Some stories to brighten your day!
For over 8 years, Chris has been making after-school treats for kids who walk past her home after school. Chris is known as the Cookie Lady as she has handed out thousands of cookies over the years. She also makes community service a priority by pulling neighbors’ weeds and by returning garbage cans after they have been emptied. Chris was surprised by East Idaho News on Friday for their Feel Good Friday tradition.
The Eastern Idaho Down Syndrome Family Connect (EIDS) will be hosting their annual race this month. The Dash for Down Syndrome event will take place August 28th at 8 a.m. at Snake River Landing. EIDS is a nonprofit organization providing programs for children and adults with Down Syndrome all over Eastern Idaho. The race will offer a 10k, 3.21 mile, and a fun run/walk for everybody. The event will also offer a free pancake breakfast and other family-friendly activities.
6 years after going missing, Mini Max a grey and white cat, was reunited with his owner Margret Kuzma. He went missing in August 2015 after escaping through an open window. Margret had been proactive in the search for her cat, however, she could not find him even after printing fliers and knocking door-to-door. In July of 2021 the cat’s microchip was scanned by an animal hospital. The microchip was the key to getting Mini Max home and back to Margret Kuzma.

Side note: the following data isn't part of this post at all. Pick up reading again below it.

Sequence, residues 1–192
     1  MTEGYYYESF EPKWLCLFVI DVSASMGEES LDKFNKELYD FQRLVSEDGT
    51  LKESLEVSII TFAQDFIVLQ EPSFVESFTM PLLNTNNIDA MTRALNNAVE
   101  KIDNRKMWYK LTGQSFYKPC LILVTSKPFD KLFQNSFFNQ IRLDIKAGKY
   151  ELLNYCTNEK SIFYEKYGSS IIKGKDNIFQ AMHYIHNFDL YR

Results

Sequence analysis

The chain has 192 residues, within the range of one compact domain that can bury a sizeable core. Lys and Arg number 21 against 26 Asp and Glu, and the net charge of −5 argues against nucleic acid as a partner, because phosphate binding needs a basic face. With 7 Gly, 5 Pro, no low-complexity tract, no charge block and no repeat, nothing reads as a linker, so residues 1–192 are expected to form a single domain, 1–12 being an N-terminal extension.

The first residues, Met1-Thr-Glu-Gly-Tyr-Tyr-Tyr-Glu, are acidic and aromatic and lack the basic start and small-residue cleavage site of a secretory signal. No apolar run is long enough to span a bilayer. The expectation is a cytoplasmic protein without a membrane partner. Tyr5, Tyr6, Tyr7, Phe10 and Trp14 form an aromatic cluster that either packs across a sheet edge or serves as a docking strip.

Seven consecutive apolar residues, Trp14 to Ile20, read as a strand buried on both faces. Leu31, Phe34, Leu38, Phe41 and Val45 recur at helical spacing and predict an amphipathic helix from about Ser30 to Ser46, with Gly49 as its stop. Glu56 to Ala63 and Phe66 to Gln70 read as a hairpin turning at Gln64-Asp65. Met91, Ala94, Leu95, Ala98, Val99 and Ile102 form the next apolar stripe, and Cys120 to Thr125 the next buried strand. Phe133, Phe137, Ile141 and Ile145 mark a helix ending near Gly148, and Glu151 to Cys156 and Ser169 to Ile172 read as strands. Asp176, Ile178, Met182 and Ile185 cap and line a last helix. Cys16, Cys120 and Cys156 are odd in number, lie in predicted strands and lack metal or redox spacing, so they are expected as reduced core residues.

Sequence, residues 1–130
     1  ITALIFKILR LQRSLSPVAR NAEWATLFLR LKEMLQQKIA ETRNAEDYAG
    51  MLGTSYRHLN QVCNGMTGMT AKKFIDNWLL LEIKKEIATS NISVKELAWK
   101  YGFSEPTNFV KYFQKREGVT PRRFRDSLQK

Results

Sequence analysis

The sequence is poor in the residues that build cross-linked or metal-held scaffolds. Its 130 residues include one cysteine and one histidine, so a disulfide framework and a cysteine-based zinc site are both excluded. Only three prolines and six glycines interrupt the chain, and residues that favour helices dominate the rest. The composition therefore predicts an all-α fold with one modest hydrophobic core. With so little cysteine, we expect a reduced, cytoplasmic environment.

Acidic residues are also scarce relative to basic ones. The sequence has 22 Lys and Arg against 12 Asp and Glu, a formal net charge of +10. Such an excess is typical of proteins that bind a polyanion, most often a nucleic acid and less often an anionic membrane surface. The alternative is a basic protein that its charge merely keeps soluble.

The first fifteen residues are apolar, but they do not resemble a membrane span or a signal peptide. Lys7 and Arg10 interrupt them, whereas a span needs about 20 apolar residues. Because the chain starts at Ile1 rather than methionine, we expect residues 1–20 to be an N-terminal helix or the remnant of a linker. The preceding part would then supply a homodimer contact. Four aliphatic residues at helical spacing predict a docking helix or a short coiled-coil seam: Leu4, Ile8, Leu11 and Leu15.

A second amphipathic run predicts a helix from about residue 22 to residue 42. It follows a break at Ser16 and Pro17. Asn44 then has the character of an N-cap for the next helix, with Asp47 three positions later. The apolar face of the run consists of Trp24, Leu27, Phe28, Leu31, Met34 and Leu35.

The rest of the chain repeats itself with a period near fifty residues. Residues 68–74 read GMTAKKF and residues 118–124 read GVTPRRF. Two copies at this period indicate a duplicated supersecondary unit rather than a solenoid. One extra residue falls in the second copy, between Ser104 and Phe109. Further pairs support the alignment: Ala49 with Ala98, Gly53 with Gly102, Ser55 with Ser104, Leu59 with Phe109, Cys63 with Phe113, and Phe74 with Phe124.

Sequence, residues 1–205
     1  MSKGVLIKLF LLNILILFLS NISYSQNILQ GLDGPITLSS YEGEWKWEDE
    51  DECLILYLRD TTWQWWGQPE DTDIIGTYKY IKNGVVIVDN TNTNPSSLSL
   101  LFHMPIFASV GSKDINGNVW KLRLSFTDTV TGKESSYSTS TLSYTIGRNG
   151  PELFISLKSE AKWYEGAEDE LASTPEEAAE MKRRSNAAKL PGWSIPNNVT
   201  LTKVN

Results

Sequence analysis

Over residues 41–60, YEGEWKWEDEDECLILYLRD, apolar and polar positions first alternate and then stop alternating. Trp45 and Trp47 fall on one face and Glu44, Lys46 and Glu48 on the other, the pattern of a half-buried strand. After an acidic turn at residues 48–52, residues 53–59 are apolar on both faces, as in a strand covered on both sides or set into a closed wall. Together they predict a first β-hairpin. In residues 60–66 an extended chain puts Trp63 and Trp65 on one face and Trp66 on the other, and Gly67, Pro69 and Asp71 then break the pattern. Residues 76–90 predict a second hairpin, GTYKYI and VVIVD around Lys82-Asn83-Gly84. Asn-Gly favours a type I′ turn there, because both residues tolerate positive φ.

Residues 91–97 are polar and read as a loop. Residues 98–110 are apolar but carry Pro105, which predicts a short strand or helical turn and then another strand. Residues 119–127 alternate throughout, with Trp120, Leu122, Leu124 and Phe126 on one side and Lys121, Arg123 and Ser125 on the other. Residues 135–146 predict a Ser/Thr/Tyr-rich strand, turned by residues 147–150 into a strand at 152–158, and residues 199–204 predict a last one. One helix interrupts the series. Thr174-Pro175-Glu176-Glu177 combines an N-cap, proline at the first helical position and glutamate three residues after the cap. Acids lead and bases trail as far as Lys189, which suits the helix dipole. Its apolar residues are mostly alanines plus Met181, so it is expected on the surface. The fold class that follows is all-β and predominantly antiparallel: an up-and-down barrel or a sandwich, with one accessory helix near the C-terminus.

Denver police department has implemented a new motorist safety program to help drivers who may need it. Instead of fining drivers for a broken taillight, officers are providing $25 gift cards to fix the damaged part. An Auto Parts store has donated the gift cards to the DPD which put a smile on the faces of motorists who can’t afford to fix the broken part. In addition to a focus on road safety, the gift cards have also built and strengthened the relationship in the community.
A schoolteacher found 100-year-old letters beneath the floorboards during renovations. They tell a story between parents and their young, enlisted son fighting in WWI. The letters were donated to a Historian, Mathilde Bernardet, who decided to search for the soldier’s living relatives to return the letters. After months of researching, Mathilde was unable to locate any family and turned to Facebook to broaden her search. Within hours, her Facebook post had been shared thousands of times and she was able to connect with the living relatives of the soldier. Although the soldier was killed in WWI, unable to make it home, the letters finally found their way back to their family.